In December 2002, more than a year after anthrax-laden letters were sent to the Washington, D.C., offices of two U.S. Senators, authorities were still working to clean the mail processing center through which the letters had passed. While authorities called the fumigation process a success, the Washington, D.C., facility, which has been closed since October 2001, is not expected to reopen until late spring. That's just one indication of the extent to which the anthrax attacks presented extraordinary challenges to all of the various government and private groups charged with emergency response and disaster management in the region.
The problems that ensued from the anthrax incident were not the result of a lack of planning. Some basic planning for disaster response and counterterrorism (including bioterrorism) had been conducted before that event as a joint effort by the Metropolitan Washington Council of Governments (MWCOG), a regional organization comprising 17 local governments surrounding the nation's capital and selected members of the Maryland and Virginia legislatures, the U.S. Senate, and the U.S. House of Representatives.
But the anthrax attacks revealed a number of deficiencies in the MWCOG's basic disaster response plan. One shortcoming was that while the response plan considered a range of scenarios, it lacked the specific operational details that were necessary to ensure a smooth response to a crisis. For example, while there was a general requirement that the member agencies communicate with each other, no guidelines existed to tell participants how this communication should take place.
As chief health officer for the District of Columbia during the anthrax crisis, the author was given the role of incident commander during the emergency, responsible for the coordination of local, regional, and federal resources. Some of these tasks involved directing physical assets, such as ensuring that law enforcement agencies were providing crowd control measures where needed and getting property managers to open necessary facilities and keep them running around the clock.
Other tasks involved the dissemination to emergency response team members of critical information such as the reports from hazmat teams about other possible anthrax events, and information coming in from the Centers for Disease Control and Prevention (CDC) and other states (New York and New Jersey were also experiencing anthrax events).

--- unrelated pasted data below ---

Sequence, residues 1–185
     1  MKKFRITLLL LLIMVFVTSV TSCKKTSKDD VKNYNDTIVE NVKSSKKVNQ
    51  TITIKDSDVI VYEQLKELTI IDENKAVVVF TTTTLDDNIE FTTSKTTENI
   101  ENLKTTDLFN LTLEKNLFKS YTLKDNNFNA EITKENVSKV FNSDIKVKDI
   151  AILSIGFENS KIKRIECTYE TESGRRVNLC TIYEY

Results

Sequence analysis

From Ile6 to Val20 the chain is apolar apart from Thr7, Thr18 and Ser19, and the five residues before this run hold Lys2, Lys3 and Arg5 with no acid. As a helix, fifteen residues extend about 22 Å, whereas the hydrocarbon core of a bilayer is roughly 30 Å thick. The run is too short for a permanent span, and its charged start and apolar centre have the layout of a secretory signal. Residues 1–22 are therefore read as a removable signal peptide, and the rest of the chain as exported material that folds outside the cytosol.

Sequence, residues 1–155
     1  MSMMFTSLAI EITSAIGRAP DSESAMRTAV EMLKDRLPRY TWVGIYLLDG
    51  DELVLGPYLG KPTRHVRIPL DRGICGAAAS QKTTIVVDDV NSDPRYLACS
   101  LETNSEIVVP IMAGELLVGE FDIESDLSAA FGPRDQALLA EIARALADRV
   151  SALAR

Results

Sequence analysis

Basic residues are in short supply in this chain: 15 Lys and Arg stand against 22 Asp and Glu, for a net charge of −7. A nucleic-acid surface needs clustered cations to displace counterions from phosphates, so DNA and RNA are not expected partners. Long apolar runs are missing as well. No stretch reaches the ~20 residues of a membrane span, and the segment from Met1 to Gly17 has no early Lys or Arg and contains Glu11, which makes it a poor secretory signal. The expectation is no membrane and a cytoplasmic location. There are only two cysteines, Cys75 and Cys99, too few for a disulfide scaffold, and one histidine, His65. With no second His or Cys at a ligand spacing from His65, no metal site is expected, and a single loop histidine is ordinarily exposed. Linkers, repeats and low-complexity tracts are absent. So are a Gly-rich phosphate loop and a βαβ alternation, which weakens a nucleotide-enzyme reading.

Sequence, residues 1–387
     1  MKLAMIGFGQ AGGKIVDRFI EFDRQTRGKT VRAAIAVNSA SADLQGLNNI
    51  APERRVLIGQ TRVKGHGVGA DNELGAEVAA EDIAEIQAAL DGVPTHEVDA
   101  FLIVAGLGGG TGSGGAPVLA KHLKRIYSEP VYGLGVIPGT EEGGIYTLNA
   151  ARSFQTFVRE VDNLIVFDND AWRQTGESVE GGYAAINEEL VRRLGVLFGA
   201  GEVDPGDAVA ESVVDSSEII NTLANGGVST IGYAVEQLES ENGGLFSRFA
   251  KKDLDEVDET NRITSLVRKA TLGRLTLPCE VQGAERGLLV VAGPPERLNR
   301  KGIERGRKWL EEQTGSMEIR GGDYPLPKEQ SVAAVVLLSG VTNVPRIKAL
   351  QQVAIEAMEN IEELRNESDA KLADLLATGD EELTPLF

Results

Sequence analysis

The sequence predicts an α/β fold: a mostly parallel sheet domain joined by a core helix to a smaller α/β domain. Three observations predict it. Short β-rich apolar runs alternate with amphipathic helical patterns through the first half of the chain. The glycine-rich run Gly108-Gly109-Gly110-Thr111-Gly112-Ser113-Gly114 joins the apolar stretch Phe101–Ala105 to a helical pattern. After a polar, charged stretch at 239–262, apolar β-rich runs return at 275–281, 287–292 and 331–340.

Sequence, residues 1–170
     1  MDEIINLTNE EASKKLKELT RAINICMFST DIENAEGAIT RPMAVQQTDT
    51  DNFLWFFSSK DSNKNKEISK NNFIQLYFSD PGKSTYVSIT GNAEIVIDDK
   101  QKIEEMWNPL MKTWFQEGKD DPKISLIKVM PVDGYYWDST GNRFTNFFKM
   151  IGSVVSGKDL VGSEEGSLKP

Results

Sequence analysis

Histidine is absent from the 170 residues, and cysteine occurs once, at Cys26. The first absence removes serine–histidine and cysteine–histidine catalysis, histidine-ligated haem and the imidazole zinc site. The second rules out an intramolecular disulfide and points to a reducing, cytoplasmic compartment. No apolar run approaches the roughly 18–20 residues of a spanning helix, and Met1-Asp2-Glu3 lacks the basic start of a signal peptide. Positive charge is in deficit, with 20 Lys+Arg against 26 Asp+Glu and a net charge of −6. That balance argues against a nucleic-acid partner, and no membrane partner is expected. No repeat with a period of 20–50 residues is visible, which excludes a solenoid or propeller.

Through this involvement, the author experienced firsthand the strengths and weaknesses of the region's disaster response planning. This article highlights the most important lessons learned (specifically with regard to information sharing and incident command training) and suggests some changes for the future.
Background. Before exploring these issues, a brief review of the anthrax affair as it played out in the Washington, D.C., region will help to set the discussion in the proper context. On October 15, 2001, an aide to Senator Tom Daschle (D-SD) opened a letter that contained anthrax spores. Public health officials had little experience with anthrax, and there was no reason to believe that anybody outside Daschle's office would be affected, as there was so far no evidence that the spores could infect anybody (such as postal workers) who bad contact with the contaminated-but-sealed envelopes. (Weeks earlier, anthrax-contaminated letters had been received in both Florida and New York; one person had already died, and several people were infected. It was not until after Daschle's office received the contaminated letters that the first spores were discovered in mail processing facilities, however.)
Although the author's office did not have jurisdiction, the existing bioterrorism attack plan called for D.C. to activate its emergency response protocol. The first step was to contact the CDC, which would examine the letters for anthrax. The author also contacted the Attending Physician of the U. …